Tuesday 3 February 2015

Lefties, protectionism and people-powered prosperity

"The problem with David Boyle and his sort is that they're too buried in their bien pensant leftiness to realise that the best and strongest argument for localism is actually a conservative argument..."

Bien pensant lefty?  Moi?

It is a step towards the kind of debate we wanted to create with my new book People Powered Prosperity, that Conservative councillor Simon Cooke, a thinking blogger, has produced a thoughtful response.  But I can see - never having met each other - that he doesn't understand where I'm coming from.

Let me step back a moment.  People Powered Prosperity began as a project, funded by the Friends Provident Foundation, to translate economic localism and resilience into terms that the Treasury might understand - and vice versa.  We had found, after a dialogue begun with the Chief Secretary to the Treasury that, once we talked to Treasury officials, there was a definite translation job to be done.

We set out, not to propose policy solutions, but to try and explain why the various sides found it so difficult to understand each other.

I have always felt, and feel now, that the arguments for localism are largely liberal, but there are good conservative ones too, for the reasons Chris sets out.  A more robust local economy, with independent businesses, is more resilient, more human, and it stays the same - all good conservative arguments.

I'm not sure if Chris was advocating the kind of big scale combination that he was caricaturing.  I think he was saying it was the logical extension of green thinking.  I don't think he is right about this.  I think most bigger scale factories, units or organsiations are big because of muddled thinking about economies of scale.  It is about hiding the externalities more effectively, rather than including them.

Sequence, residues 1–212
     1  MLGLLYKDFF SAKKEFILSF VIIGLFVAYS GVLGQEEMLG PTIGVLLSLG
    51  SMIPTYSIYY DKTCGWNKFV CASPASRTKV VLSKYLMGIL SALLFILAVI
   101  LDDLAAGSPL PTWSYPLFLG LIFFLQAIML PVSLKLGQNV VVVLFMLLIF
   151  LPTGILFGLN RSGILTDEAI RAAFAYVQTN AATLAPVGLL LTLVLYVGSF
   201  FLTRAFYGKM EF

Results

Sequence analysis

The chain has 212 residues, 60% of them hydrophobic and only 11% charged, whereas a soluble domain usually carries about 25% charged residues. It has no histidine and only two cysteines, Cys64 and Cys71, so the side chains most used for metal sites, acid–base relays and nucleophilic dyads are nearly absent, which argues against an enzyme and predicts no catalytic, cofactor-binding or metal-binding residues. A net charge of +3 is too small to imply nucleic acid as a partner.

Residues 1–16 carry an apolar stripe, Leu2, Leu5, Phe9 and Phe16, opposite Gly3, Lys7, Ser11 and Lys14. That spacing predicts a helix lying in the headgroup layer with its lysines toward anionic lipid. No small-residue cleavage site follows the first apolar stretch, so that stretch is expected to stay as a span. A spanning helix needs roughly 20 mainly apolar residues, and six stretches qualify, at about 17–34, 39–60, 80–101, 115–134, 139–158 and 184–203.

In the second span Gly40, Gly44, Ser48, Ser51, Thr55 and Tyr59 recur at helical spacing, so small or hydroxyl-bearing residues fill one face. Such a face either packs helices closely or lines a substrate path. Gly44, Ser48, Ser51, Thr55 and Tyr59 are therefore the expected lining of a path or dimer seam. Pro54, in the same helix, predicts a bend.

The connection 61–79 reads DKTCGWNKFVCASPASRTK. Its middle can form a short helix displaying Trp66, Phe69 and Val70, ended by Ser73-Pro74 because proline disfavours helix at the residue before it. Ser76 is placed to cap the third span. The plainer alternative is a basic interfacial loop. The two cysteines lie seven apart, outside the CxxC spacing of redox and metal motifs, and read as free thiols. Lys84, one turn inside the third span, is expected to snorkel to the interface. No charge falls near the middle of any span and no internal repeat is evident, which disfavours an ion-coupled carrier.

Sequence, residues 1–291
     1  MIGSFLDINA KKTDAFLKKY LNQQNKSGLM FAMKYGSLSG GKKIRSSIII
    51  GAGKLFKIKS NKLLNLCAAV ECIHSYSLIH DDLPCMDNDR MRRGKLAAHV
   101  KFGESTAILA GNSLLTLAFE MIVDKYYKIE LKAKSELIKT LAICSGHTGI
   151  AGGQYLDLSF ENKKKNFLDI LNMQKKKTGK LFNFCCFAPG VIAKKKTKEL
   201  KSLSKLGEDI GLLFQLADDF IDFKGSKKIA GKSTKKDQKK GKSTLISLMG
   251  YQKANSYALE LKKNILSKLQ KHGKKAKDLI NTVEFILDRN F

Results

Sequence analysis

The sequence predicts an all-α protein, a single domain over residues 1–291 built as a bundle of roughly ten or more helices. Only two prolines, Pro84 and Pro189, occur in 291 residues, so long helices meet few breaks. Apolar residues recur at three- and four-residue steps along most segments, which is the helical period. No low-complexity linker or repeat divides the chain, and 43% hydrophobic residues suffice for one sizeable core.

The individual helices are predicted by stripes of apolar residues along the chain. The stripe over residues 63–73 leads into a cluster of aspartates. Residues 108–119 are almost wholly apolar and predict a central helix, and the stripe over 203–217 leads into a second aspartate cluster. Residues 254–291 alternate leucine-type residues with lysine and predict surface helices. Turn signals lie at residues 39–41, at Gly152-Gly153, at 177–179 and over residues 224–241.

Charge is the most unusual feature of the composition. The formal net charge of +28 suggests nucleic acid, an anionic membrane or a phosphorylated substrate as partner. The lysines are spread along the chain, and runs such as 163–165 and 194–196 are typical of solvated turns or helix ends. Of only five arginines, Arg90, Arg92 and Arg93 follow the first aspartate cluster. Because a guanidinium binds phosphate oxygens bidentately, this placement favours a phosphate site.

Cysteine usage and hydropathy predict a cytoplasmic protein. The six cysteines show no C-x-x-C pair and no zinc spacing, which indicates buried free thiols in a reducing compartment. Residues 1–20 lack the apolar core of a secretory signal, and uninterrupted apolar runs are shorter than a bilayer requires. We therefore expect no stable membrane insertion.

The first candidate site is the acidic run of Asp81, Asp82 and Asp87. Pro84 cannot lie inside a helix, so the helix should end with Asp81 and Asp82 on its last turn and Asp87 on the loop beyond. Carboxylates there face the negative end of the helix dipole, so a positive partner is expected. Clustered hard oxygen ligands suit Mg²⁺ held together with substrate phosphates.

Most big organsiations, companies and units I know are more wasteful, less efficient, less human and less effective than smaller ones - but of course there are exceptions to this.

But where Simon Cooke gets it wrong, it seems to me, is that there are no other economic arguments for networks of small businesses than a warm conservative feeling inside.  These are mine:

1.  They keep money circulating locally for longer, so - with the same amount of money coming into the local economy - they produce more wealth.

2.  They often pay better and provide more flexible employment.

3.  Twenty small businesses is more resilient, more likely to get through a global downturn, than one factory on the outskirts.

4.  They provide economic independence, imagination and innovation in a way that big companies can't.

That is not bien pensant leftiness.  As Simon says, it looks a good deal more like conservatism, with a dose of old-fashioned free market Liberalism.  Because big business without small business challenging from below is just monopoly by another name.  It is the very opposite of the free market.

So I don't accept that economic localism is about protectionism.  It can be, of course.  But not the kind we are advocating.  It is about making sure the economy is more interdependent, more competitive, more diverse, more challenging, more downright exciting then when you have a few unchallenged, unchallengable monoliths to deal with.

Still, how about you make up your own minds?  People Powered Prosperity, by David Boyle and Tony Greenham, is published by the New Weather Institute. http://www.newweather.org/projects/towards-a-people-powered-prosperity/

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